By Caroline Humer
Feb 8 Diagnostics testing company Laboratory Corp of America Holdings reported a drop in fourth-quarter profit on Friday and said bad weather, particularly Superstorm Sandy, was partly to blame.
The storm hurt sales volume during the quarter by about one percentage point and lowered earnings per share by 9 cents, the company said.
LabCorp said it experienced promising volume growth during the quarter that lead it to forecast a 2 to 3 percent higher revenue in 2013.
Chief Executive David King said during a conference that earnings would also be higher next year but tempered by expectations for a large decline in reimbursements for medical tests from the government.
The fourth-quarter earnings and the profit outlook fell short of Wall Street estimates and shares fell 2.2 percent, or $2.01, to $89.62 in morning New York Stock Exchange trading.
The government has cut payments for lab tests as part of efforts to stem the rise in healthcare spending. As use of medical services has fallen during the past few years with the economic downturn, Lab Corp and competitors have also been hurt.
King said that an expected reduction in payments from Medicare of about 35 cents per share in 2013 would be offset a bit by an increase in payments from other payers, such as insurance companies who pay for private insurance.
The company's earnings were helped also by its acquisition of clinical trial testing company Medtox Scientific, which closed in August and added an estimated $30 million to revenues, Leerink Swann analyst Jason Gurda said in a research note.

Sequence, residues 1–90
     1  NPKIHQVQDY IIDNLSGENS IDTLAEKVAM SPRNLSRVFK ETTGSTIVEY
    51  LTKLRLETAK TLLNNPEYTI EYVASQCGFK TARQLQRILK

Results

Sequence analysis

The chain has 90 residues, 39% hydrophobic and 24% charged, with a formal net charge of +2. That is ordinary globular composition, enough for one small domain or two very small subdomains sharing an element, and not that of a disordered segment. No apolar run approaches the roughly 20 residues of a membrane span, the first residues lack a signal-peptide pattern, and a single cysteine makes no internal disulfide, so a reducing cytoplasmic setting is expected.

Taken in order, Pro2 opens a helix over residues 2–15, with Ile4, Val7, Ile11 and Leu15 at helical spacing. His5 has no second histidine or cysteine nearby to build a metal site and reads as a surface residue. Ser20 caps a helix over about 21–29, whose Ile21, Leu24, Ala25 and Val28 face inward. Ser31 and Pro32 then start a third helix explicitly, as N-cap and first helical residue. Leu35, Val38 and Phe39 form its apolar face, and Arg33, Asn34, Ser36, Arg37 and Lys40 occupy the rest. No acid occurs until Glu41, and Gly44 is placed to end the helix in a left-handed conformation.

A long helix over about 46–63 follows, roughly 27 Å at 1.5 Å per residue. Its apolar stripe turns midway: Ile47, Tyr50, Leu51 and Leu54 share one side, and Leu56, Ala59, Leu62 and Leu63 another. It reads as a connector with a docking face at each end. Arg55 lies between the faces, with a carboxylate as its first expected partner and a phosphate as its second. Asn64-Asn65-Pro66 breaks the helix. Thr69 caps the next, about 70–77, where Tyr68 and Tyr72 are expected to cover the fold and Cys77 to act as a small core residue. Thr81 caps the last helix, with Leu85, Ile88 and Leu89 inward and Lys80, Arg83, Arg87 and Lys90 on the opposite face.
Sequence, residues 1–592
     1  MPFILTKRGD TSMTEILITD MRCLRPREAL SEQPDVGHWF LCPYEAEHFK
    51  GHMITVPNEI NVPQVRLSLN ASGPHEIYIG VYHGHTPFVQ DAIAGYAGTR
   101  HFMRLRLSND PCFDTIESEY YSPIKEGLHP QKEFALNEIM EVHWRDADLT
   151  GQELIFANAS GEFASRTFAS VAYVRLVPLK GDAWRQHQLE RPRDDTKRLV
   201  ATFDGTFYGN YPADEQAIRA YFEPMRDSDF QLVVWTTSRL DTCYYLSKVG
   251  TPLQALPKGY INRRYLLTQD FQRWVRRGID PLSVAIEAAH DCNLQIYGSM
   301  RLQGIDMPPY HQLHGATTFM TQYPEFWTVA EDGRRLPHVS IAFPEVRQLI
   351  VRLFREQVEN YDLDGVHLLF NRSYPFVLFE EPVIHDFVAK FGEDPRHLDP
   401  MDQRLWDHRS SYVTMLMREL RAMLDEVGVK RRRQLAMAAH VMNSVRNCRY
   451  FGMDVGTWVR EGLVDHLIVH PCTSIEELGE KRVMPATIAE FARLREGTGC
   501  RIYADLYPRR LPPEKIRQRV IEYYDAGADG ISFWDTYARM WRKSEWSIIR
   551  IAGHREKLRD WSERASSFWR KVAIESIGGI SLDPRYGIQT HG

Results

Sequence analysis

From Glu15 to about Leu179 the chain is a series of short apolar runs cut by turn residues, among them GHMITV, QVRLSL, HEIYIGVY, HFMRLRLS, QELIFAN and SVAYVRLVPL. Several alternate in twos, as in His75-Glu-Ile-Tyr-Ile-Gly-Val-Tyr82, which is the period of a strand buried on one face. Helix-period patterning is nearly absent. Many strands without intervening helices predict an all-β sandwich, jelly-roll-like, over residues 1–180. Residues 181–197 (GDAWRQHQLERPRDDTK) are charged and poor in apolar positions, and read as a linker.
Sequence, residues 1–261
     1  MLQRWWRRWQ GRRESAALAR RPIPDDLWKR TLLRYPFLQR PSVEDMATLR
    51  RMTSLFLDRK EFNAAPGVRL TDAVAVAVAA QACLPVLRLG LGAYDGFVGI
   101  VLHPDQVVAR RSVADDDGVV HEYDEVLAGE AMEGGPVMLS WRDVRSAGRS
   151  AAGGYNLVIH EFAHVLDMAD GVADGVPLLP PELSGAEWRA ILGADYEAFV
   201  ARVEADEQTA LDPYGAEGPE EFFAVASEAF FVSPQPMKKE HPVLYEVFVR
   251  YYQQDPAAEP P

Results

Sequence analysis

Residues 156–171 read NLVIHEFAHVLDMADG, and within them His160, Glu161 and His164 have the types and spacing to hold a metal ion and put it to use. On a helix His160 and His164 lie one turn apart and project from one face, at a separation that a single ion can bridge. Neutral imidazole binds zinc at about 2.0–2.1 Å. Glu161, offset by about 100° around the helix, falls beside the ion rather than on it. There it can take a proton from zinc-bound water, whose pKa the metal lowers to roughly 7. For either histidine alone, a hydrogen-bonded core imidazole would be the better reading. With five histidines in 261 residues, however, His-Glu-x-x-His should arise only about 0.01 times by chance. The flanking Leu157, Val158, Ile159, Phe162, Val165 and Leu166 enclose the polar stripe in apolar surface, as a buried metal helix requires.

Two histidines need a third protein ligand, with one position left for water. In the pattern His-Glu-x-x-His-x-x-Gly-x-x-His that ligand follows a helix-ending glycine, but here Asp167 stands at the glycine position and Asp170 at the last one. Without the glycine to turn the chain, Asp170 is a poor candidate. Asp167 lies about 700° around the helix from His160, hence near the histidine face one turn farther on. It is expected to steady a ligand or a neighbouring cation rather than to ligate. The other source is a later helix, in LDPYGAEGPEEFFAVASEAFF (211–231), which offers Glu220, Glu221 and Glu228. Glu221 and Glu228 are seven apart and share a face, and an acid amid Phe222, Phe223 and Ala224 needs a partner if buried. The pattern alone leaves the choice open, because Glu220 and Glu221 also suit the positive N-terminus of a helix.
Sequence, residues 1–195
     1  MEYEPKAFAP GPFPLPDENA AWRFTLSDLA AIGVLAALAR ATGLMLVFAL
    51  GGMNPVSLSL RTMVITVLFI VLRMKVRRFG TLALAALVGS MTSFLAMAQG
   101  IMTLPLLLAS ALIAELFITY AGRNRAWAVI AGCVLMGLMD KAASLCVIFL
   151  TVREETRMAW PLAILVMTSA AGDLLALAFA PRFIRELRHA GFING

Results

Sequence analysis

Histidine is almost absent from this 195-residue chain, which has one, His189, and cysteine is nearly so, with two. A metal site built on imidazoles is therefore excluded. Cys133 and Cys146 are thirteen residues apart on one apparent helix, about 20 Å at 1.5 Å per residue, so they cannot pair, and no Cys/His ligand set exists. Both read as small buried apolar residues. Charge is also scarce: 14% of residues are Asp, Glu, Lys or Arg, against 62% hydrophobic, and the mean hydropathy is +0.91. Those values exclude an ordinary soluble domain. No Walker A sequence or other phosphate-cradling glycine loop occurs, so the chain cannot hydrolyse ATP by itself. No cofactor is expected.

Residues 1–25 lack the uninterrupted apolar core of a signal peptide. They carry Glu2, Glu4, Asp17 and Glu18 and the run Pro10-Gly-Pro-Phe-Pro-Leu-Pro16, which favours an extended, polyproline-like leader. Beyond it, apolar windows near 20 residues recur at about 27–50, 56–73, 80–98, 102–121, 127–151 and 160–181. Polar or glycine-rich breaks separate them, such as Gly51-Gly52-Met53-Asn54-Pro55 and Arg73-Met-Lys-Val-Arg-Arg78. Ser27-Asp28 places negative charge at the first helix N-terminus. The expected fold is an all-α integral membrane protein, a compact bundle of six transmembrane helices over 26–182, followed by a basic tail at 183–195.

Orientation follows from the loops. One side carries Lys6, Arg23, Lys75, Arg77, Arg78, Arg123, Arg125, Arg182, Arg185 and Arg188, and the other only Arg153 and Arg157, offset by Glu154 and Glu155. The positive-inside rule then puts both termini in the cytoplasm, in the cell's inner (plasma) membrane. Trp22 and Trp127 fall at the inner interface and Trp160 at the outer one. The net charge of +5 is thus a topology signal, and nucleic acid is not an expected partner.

LabCorp said net income was $120.2 million, or $1.26 per share, down from $135.4 million, or $1.34 per share, a year earlier.
Earnings excluding amortization related to the end of a licensing agreement, restructuring costs and other charges came to $1.54 a share. The result would have been 9 cents per share higher if not for "inclement weather," the company said. In the fall, Superstorm Sandy shut transportation systems and destroyed thousands of homes and businesses in the Northeast.
Analysts had expected fourth-quarter earnings of $1.62 per share, according to Thomson Reuters I/B/E/S.
Lab Corp and Quest Diagnostics Inc, the No. 1 U.S. laboratory testing company, are also facing competition as hospitals buy physician groups, which order tests from their own labs rather than private vendors. Quest announced earnings last month that missed expectations and also gave a weak outlook.
The changing payment environment is part of healthcare reform, which is introducing new repayment methods for hospitals and doctors as well as various taxes on the medical industry to help pay for the 30 million more people expected to have insurance under the Affordable Care Act.
King said he believes the health exchanges and the Medicaid expansion will increase testing volume even though the pricing will be difficult.
"I think reform will be a net positive to us," King said.
Lab Corp said revenue was $1.4 billion, in line with analyst consensus estimates for fourth-quarter revenue of $1.39 billion, according to Thomson Reuters I/B/E/S.
The company said 2013 revenues would rise 2 percent to 3 percent and also projected an increase in earnings per share from 2012, when it reported profit of $6.82 per share excluding items.
For 2013, Lab Corp said it expects earnings of $6.85 per share to $7.15 per share, excluding items, but
Analysts had expected 2013 earnings of $7.26 per share, according to Thomson Reuters I/B/E/S.
The company also said that it would buy back $1 billion in shares.